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RFE/RL NEWSLINE

Vol. 1, No. 51, Part II, 12 June1997


Vol. 1, No. 51, Part II, 12 June1997

This is Part II of Radio Free Europe/Radio Liberty's Newsline.
Part II is a compilation of news concerning Central, Eastern, and
Southeastern Europe.  Part I, covering Russia, Transcaucasia and
Central Asia, is distributed simultaneously as a second document.
Back
issues of RFE/RL NewsLine are available through RFE/RL's WWW
pages: http://www.rferl.org/newsline/search/

Back  issues of the OMRI Daily Digest are available through OMRI's
WWW pages: http://www.omri.cz/

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Headlines, Part II

* RUSSIA-BELARUS TREATY GOES INTO EFFECT


* SLOVAK PREMIER WANTS TALKS WITH PRESIDENT


* CROATIAN OPPOSITION RALLY BANNED?

End Note
ENLARGING EASTERN EUROPE

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EAST-CENTRAL EUROPE

RUSSIA-BELARUS TREATY GOES INTO EFFECT. The Russia-Belarus union treaty went
into effect on 11 June with the exchange of the two countries' ratification
documents. Russian Foreign Minister Yevgenii Primakov and Belarusian President
Alyaksandr Lukashenka attended the ceremony in Minsk. ITAR-TASS quoted
Primakov as calling the exchange of ratification documents an "historic
event." He said the treaty provides an "exceptionally important mechanism for
the unification of the two peoples." Belarusian Foreign Minister Ivan
Antanovich said the union has a great chance for success. He described the
union as a peaceful entity that will help the two nations "overcome
difficulties together and ensure the well-being and security of the two
peoples." Lukashenka told Interfax he intends to meet Russian Prime Minister
Viktor Chernomyrdin in Sochi to discuss attempts by some Russian government
officials to "water down" the union treaty. Lukashenka is scheduled to start
his vacation in the Black Sea resort on 12 June.

UKRAINIAN PREMIER CALLS FOR INCREASED TRADE WITH CHINA. Pavlo Lazarenko told
Chinese Defense Minister Chi Haotian during a meeting in Kyiv on 11 June that
Ukraine and China are capable of increasing trade turnover to $1 billion a
year, Interfax reported. Turnover was $846 million in 1996 and $347 million in
the first four months of 1997. Lazarenko said Ukraine is prepared to cooperate
with China in all areas where it is "on the cutting edge," including aircraft,
ship and tank building, missile and space technology, and joint research into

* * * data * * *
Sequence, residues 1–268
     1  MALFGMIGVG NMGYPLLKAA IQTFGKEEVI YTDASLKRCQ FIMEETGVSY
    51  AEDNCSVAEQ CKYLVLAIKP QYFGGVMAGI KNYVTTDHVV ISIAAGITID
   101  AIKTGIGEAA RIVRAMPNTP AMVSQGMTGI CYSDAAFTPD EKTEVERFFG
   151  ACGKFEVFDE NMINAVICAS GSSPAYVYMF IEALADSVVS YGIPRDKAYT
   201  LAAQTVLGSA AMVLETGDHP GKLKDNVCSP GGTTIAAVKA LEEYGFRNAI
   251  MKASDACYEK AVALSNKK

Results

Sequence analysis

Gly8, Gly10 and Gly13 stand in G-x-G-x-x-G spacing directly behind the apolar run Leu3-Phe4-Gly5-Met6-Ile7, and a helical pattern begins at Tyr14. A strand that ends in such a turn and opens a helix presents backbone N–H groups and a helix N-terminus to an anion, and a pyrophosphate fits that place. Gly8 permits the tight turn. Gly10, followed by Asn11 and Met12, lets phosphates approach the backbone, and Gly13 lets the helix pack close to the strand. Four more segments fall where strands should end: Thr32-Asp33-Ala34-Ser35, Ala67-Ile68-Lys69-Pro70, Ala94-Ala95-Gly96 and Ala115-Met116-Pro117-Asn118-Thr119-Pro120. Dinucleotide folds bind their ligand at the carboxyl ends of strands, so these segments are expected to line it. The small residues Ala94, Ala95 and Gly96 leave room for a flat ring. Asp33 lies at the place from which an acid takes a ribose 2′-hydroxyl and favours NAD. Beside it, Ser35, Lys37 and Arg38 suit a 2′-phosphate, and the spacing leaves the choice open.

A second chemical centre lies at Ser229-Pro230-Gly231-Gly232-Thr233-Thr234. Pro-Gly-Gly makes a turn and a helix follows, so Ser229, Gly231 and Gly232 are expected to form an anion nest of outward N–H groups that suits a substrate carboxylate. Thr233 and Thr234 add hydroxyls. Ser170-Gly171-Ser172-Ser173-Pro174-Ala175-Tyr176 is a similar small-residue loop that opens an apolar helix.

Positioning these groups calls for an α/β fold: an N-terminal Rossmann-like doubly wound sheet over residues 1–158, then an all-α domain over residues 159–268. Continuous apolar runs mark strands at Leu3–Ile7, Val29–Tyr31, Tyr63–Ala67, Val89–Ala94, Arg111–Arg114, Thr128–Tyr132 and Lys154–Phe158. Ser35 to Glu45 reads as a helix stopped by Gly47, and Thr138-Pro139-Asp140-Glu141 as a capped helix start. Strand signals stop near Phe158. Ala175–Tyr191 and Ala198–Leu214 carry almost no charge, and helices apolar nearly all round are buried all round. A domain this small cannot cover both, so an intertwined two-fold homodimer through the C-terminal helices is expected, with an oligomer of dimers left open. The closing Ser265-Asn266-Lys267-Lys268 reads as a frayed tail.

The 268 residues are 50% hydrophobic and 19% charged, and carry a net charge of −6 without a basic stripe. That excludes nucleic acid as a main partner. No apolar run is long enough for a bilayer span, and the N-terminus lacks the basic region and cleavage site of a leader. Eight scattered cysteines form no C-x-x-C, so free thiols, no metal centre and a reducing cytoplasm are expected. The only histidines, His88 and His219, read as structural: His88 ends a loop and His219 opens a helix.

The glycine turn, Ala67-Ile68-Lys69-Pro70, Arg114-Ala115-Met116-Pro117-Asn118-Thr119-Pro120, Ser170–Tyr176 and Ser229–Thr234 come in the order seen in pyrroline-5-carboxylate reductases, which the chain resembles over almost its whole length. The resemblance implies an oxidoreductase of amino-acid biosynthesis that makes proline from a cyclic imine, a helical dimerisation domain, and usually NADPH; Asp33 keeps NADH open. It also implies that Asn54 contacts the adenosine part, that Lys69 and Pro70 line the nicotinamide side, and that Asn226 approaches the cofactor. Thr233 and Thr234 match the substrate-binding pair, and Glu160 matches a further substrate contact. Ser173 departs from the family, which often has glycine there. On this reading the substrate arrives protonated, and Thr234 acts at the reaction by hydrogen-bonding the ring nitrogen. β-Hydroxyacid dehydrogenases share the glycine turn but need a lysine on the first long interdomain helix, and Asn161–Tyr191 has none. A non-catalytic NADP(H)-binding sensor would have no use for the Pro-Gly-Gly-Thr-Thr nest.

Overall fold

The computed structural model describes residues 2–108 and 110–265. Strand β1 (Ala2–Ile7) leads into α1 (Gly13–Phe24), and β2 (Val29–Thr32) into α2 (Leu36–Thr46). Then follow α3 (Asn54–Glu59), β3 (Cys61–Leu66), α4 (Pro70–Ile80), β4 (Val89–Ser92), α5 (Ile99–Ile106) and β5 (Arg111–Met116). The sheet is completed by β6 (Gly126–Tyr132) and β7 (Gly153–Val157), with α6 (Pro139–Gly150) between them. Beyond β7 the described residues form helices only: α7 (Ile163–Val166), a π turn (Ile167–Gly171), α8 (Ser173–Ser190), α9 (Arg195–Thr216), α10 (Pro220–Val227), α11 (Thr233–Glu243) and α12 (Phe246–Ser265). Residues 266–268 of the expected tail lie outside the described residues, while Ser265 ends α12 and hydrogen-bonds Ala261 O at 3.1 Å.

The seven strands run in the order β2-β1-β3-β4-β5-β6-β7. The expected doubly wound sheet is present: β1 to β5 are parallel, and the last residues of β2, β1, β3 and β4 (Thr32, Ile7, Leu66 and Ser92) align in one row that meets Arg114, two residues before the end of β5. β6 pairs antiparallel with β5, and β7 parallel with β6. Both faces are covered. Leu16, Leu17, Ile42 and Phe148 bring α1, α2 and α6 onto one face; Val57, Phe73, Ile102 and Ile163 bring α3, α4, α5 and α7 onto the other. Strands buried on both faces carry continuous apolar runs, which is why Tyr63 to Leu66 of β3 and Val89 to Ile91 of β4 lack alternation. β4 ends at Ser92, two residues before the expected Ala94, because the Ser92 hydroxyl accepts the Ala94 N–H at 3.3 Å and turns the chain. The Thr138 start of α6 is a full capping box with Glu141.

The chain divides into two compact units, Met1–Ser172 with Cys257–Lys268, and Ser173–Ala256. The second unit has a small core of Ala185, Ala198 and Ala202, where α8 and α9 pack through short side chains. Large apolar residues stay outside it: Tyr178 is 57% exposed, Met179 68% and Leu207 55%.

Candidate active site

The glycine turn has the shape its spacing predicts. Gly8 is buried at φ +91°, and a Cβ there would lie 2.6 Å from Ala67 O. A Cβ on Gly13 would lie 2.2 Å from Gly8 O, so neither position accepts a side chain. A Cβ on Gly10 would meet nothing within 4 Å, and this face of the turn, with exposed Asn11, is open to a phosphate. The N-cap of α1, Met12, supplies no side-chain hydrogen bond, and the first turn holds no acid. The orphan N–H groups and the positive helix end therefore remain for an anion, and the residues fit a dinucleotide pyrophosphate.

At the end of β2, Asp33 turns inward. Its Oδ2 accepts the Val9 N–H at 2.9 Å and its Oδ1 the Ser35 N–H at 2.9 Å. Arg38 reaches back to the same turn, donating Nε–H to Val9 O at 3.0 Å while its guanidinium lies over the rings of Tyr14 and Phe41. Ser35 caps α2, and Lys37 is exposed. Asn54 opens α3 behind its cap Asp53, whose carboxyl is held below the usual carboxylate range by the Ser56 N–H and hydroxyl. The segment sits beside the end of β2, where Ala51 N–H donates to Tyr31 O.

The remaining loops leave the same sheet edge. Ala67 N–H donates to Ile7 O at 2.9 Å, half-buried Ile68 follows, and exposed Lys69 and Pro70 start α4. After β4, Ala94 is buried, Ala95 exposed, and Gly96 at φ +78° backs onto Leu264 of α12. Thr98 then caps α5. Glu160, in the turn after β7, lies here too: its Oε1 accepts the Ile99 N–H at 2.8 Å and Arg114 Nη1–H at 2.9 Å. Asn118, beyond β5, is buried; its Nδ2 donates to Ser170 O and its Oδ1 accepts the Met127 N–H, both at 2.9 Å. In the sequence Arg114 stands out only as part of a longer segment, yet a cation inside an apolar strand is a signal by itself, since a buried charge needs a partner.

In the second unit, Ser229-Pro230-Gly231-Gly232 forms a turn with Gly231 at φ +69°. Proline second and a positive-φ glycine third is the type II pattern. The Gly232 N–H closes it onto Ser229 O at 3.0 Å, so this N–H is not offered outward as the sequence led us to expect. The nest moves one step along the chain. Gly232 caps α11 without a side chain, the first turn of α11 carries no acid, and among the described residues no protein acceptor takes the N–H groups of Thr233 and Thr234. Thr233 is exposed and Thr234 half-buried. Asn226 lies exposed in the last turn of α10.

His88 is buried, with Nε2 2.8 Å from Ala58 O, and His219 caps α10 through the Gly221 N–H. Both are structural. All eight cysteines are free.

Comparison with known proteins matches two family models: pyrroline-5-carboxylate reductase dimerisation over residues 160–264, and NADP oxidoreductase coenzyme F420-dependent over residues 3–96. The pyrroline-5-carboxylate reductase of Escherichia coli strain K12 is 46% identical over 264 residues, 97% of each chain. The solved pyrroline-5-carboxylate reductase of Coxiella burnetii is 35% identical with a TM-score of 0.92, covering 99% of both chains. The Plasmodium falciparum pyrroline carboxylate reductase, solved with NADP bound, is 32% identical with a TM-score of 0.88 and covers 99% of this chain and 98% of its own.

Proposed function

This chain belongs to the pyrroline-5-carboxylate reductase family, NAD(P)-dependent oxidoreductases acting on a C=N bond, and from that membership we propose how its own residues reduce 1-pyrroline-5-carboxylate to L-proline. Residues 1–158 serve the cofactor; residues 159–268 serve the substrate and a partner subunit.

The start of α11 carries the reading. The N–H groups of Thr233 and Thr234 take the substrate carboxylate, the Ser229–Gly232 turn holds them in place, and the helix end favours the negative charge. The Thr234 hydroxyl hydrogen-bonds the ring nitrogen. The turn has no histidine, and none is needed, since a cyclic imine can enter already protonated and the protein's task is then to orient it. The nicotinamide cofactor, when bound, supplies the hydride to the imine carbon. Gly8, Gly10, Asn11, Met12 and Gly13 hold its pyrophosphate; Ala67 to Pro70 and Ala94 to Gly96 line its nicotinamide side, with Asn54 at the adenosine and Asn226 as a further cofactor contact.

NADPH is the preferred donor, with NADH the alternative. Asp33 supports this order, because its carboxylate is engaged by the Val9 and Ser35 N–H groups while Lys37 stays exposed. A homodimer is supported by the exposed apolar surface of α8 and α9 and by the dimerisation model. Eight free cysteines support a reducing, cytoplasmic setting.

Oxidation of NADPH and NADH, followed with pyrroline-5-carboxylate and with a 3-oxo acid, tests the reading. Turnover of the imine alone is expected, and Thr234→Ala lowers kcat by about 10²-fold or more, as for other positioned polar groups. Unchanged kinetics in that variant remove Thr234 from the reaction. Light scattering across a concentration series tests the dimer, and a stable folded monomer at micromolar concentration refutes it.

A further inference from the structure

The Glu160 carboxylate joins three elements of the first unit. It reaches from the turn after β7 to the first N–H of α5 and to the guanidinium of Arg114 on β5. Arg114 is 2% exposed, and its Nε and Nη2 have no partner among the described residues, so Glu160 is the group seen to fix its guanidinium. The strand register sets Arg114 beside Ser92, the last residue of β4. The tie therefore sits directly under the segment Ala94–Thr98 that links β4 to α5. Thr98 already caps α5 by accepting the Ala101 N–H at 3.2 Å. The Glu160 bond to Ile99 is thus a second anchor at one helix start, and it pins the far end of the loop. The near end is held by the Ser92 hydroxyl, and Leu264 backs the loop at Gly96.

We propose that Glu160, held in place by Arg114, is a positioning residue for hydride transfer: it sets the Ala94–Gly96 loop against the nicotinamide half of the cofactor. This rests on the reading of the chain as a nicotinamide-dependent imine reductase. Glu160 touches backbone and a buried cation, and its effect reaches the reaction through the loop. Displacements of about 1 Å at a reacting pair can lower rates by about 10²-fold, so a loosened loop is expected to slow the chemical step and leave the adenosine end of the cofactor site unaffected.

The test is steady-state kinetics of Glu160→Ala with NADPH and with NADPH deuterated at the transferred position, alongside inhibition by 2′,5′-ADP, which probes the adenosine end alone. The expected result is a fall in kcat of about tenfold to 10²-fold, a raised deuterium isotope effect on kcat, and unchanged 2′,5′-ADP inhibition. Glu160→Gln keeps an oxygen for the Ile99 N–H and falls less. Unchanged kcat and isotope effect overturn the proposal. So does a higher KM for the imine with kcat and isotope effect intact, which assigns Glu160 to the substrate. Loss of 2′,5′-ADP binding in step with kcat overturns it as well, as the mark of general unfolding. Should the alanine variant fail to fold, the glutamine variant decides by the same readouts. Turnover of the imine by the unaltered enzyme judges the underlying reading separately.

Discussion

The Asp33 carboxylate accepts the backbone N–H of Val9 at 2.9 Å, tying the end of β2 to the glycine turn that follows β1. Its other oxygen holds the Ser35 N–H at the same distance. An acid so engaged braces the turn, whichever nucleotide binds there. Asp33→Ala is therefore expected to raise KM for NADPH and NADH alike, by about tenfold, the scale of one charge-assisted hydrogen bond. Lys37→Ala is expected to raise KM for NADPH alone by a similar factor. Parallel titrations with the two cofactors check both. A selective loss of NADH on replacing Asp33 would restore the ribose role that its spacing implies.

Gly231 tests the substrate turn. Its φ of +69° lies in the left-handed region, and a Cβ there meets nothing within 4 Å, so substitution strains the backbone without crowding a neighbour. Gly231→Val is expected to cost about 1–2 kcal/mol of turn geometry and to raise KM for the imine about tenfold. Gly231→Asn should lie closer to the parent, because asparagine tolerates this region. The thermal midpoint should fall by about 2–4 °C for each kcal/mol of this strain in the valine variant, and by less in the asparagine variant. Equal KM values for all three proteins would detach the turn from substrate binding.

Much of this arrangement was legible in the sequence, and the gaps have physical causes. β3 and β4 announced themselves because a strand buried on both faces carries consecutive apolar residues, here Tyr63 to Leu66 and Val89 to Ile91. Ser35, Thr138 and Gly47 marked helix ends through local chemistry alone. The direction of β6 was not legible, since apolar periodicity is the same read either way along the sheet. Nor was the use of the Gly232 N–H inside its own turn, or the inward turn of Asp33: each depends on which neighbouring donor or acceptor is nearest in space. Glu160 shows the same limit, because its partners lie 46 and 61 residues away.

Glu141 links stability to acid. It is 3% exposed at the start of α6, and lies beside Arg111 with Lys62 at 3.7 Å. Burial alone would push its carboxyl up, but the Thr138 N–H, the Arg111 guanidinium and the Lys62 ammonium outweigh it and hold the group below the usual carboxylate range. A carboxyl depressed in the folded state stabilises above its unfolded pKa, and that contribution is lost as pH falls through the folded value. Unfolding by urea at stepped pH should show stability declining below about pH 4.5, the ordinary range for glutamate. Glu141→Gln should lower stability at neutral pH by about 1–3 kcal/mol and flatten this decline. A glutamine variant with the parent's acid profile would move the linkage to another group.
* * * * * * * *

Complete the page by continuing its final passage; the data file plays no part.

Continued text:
and utilization of outer space. The two leaders called for the expansion of
military and military technological cooperation.

ESTONIAN PARLIAMENT ADOPTS CONTROVERSIAL LAW ON ADVERTISING. Lawmakers voted
by 43 to 28 on 11 June to adopt a widely disputed law on advertising that
imposes a total ban on advertisements of tobacco products, ETA reported. The
new legislation also prohibits the advertising of narcotic substances and
strictly limits alcohol advertisements. The Reform Party has strongly
criticized the draft law, arguing, among other things, that it prevents the
revival of the Estonian tobacco industry and endangers the freedom of the
press by depriving it of advertising income. The law still has to be signed by
the president.

LATVIAN PRESIDENT, PREMIER CONDEMN MONUMENT BOMBING. Guntis Ulmanis on 11 June
condemned the bombing of the controversial World War II monument in Riga, BNS
reported. Two people were killed in the 6 June blast at the monument, which
commemorates the Soviet victory over Nazi occupying forces. Ulmanis called the
incident a "provocative and defiant attempt to damage Latvia's international
relations." He said ties with Russia are deeper and stronger than those
responsible for the blast likely believe them to be. Also on 11 June, Prime
Minister Andris Skele described the attack as an "absurd provocation" that
might have "unpleasant" consequences both inside and outside the country.
Meanwhile, the chief investigator into the bombing has said up to 20 kg of
plastic explosives were used rather than TNT, as earlier reported, according
to BNS.

CACHES OF STOLEN NUCLEAR FUEL FOUND IN LITHUANIA. Police have discovered two
separate caches of stolen uranium totaling 50 kilograms, BNS and Western
agencies reported on 11 June. Some 30 kg were located in an underground vault
near Vilnius, while the other 20 kg were found in the town of Visaginas. The
discoveries were made after police interrogated suspects in the 1992 theft of
170 kg of uranium from the Ignalina nuclear power plant. The Prosecutor's
Office launched an investigation when 10 kg uranium were discovered close to
the nuclear plant last October. A former plant engineer believed to be behind
the theft is reported to be in hiding in either Russia or another former
Soviet republic. His suspected accomplices have been ordered not to leave
Vilnius. The Lithuanian penal code provides for prison sentences of 10 years